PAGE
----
Because these forward-looking statements involve risks and uncertainties, there are important factors that could cause the company’s actual results to differ materially from those in the forward-looking statements. These factors include, without limitation, the following risks, any of which could have an adverse effect on the company’s financial condition, results of operations, and reputation: the risk that additional information may arise during the company’s close process or as a result of subsequent events that would require the company to make adjustments to its financial information; the risk that the company or its franchisees will be unsuccessful in gauging apparel trends and changing consumer preferences; the highly competitive nature of the company’s business in the United States and internationally; the risk of failure to maintain, enhance and protect the company’s brand image; the risk of failure to attract and retain key personnel, or effectively manage succession; the risk that the company’s investments in customer, digital, and omni-channel shopping initiatives may not deliver the results the company anticipates; the risk if the company is unable to manage its inventory effectively; the risk that the company is subject to data or other security breaches that may result in increased costs, violations of law, significant legal and financial exposure, and a loss of confidence in the company’s security measures; the risk that a failure of, or updates or changes to, the company’s information technology systems may disrupt its operations; the risk that trade matters could increase the cost or reduce the supply of apparel available to the company; the risk of changes in the regulatory or administrative landscape; the risks to the company’s business, including its costs and supply chain, associated with global sourcing and manufacturing; the risk of changes in global economic conditions or consumer spending patterns; the risks to the company’s efforts to expand internationally, including its ability to operate in regions where it has less experience; the risks to the company’s reputation or operations associated with importing merchandise from foreign countries, including failure of the company’s vendors to adhere to its Code of Vendor Conduct; the risk that the company’s franchisees’ operation of franchise stores is not directly within the company’s control and could impair the value of its brands; the risk that the company or its franchisees will be unsuccessful in identifying, negotiating, and securing new store locations and renewing, modifying, or terminating leases for existing store locations effectively; the risk of foreign currency exchange rate fluctuations; the risk that comparable sales and margins will experience fluctuations; the risk that changes in the company’s credit profile or deterioration in market conditions may limit the company’s access to the capital markets; the risk of natural disasters, public health crises, political crises, negative global climate patterns, or other catastrophic events; the risk of reductions in income and cash flow from the company’s credit card agreement related to its private label and co-branded credit cards; the risk that the adoption of new accounting pronouncements will impact future results; the risk that the company does not repurchase some or all of the shares it anticipates purchasing pursuant to its repurchase program; the risk that the company will not be successful in defending various proceedings, lawsuits, disputes, and claims; risks associated with the impact, timing or terms of the separation transaction; the risks associated with the expected benefits and costs of the separation transaction, including the risk that the expected benefits of the separation transaction will not be realized within the expected time frame, in full or at all, and the risk that conditions to the separation transaction will not be satisfied and/or that the separation transaction will not be completed within the expected time frame, on the expected terms or at all; the expected qualification of the separation transaction as a tax-free transaction for U.S. federal income tax purposes, including whether or not an IRS ruling will be sought or obtained; the risk that any consents or approvals required in connection with the separation transaction will not be received or obtained within the expected time frame, on the expected terms or at all; risks associated with expected financing transactions undertaken in connection with the separation transaction and risks associated with indebtedness incurred in connection with the separation transaction; the risk that dissynergy costs, costs of restructuring transactions and other costs incurred in connection with the separation transaction will exceed our estimates; and the impact of the separation transaction on our businesses and the risk that the separation transaction may be more difficult, time-consuming or costly than expected, including the impact on our resources, systems, procedures and controls, diversion of management’s attention and the impact on relationships with customers, suppliers, employees and other business counterparties. There can be no assurance that the company’s separation transaction will in fact be completed in the manner described or at all.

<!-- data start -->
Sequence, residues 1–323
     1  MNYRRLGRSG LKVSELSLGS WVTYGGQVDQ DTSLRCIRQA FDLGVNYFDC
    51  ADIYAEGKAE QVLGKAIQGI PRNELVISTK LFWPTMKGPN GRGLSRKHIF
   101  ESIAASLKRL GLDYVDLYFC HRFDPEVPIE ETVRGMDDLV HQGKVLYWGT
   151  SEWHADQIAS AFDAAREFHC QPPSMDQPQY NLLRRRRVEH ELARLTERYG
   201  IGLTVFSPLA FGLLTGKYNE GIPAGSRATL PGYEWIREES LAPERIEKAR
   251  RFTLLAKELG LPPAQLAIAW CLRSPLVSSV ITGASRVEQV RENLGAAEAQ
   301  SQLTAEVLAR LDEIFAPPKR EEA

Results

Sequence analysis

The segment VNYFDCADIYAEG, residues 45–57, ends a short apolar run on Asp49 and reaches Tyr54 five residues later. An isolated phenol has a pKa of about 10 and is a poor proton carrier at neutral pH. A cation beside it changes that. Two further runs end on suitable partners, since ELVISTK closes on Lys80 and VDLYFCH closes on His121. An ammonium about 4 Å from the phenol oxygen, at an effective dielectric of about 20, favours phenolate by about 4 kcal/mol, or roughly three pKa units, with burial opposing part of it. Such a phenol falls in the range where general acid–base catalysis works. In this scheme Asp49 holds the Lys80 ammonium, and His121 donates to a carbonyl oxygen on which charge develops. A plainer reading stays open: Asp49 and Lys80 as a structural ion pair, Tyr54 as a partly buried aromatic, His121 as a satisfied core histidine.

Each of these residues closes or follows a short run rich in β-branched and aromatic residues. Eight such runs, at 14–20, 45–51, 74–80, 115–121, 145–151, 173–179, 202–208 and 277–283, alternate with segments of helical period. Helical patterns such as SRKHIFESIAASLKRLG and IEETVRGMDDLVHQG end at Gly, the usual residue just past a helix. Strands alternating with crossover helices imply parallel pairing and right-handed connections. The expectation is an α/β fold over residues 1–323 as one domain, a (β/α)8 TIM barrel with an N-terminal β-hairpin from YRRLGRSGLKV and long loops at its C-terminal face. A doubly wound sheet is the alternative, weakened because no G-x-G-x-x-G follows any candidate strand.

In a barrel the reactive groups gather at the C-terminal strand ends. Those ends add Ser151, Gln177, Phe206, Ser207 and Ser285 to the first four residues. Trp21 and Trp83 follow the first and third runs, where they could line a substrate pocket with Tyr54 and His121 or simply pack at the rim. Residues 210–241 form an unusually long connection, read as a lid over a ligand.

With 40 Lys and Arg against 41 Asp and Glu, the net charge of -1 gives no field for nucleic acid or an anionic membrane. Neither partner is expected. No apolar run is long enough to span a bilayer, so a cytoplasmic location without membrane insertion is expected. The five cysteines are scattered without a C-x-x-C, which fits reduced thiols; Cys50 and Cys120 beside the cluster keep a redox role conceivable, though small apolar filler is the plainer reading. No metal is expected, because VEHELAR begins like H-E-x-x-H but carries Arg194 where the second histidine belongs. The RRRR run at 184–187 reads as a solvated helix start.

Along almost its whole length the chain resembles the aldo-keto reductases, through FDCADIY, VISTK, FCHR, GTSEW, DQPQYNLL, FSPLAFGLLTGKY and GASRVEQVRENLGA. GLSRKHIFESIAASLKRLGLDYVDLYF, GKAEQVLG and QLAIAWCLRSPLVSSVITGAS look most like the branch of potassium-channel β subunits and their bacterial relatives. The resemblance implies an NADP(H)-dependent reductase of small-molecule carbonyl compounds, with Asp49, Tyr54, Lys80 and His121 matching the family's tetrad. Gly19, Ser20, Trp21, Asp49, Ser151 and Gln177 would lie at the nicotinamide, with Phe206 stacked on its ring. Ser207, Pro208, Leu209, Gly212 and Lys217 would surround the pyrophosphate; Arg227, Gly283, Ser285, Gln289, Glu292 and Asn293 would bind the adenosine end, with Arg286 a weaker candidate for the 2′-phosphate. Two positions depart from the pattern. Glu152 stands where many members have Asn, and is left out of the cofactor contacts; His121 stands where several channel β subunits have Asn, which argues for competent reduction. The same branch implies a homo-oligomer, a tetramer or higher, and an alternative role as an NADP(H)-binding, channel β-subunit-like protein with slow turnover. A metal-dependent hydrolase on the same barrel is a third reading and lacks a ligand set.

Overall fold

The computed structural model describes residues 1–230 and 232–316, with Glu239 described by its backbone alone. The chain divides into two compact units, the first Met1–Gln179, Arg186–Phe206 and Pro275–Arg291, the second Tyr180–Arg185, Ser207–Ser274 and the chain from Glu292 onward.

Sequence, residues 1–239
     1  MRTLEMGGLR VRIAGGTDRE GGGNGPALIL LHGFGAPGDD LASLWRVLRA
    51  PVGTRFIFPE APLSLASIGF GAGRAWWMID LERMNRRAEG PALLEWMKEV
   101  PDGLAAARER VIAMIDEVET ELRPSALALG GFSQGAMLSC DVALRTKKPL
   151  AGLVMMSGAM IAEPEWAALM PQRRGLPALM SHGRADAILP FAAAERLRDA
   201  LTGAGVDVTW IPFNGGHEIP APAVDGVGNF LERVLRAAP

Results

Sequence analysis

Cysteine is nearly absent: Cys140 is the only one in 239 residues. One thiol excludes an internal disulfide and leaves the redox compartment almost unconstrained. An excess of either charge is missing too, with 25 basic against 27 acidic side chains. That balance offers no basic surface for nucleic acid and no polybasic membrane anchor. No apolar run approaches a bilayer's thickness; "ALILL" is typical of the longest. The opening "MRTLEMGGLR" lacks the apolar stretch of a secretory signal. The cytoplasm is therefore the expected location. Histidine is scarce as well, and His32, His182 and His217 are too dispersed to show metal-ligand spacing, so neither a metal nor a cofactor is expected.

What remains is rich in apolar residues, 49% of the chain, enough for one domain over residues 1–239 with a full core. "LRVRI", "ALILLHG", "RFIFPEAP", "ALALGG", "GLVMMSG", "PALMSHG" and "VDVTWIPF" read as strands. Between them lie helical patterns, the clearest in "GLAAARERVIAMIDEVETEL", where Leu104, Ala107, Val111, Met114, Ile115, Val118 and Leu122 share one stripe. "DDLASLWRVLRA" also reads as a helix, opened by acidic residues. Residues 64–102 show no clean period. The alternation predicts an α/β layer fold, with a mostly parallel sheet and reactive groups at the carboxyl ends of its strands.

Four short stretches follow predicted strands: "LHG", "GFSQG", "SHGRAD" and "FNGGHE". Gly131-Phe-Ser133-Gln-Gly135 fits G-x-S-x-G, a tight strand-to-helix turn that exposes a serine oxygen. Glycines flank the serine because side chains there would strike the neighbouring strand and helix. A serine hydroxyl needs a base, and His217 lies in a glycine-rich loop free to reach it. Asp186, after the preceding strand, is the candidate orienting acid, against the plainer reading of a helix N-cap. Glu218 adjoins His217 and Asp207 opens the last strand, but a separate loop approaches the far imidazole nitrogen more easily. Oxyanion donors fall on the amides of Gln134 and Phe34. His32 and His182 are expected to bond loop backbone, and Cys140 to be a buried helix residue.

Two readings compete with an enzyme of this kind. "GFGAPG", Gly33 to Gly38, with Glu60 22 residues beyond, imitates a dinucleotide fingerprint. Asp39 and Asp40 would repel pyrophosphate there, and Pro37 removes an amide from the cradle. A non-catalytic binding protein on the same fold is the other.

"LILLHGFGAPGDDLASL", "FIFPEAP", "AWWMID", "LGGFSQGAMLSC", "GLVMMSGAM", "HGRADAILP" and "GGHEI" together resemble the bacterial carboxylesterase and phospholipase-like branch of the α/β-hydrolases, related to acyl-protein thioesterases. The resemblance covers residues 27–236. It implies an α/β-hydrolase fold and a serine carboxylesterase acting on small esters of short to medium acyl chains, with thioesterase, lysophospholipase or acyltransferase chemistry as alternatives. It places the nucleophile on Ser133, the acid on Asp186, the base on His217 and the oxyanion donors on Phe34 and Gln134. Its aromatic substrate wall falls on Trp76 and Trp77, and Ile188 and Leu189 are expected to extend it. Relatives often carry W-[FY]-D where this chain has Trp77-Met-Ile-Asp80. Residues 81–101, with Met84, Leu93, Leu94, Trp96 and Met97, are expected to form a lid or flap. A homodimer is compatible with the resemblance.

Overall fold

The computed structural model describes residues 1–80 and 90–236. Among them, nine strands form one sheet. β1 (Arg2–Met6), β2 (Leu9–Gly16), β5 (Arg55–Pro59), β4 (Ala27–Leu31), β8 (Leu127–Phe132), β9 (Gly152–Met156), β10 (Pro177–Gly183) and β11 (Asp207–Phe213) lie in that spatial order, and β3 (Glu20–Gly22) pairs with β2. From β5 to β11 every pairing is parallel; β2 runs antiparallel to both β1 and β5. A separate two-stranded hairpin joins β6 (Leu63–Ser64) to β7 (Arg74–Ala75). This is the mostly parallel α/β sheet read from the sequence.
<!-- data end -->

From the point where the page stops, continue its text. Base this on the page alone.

Additional information regarding factors that could cause results to differ can be found in the company’s Annual Report on Form 10-K for the fiscal year ended February 2, 2019, as well as the company’s subsequent filings with the Securities and Exchange Commission.
These forward-looking statements are based on information as of August 28, 2019. The company assumes no obligation to publicly update or revise its forward-looking statements even if experience or future changes make it clear that any projected results expressed or implied therein will not be realized.
About Gap Inc.
Gap Inc. is a leading global retailer offering clothing, accessories, and personal care products for men, women, and children under the Old Navy, Gap, Banana Republic, Athleta, Intermix, Janie and Jack, and Hill City brands. Fiscal year 2018 net sales were $16.6 billion. Gap Inc. products are available for purchase in more than 90 countries worldwide through company-operated stores, franchise stores, and e-commerce sites. For more information, please visit www.gapinc.com.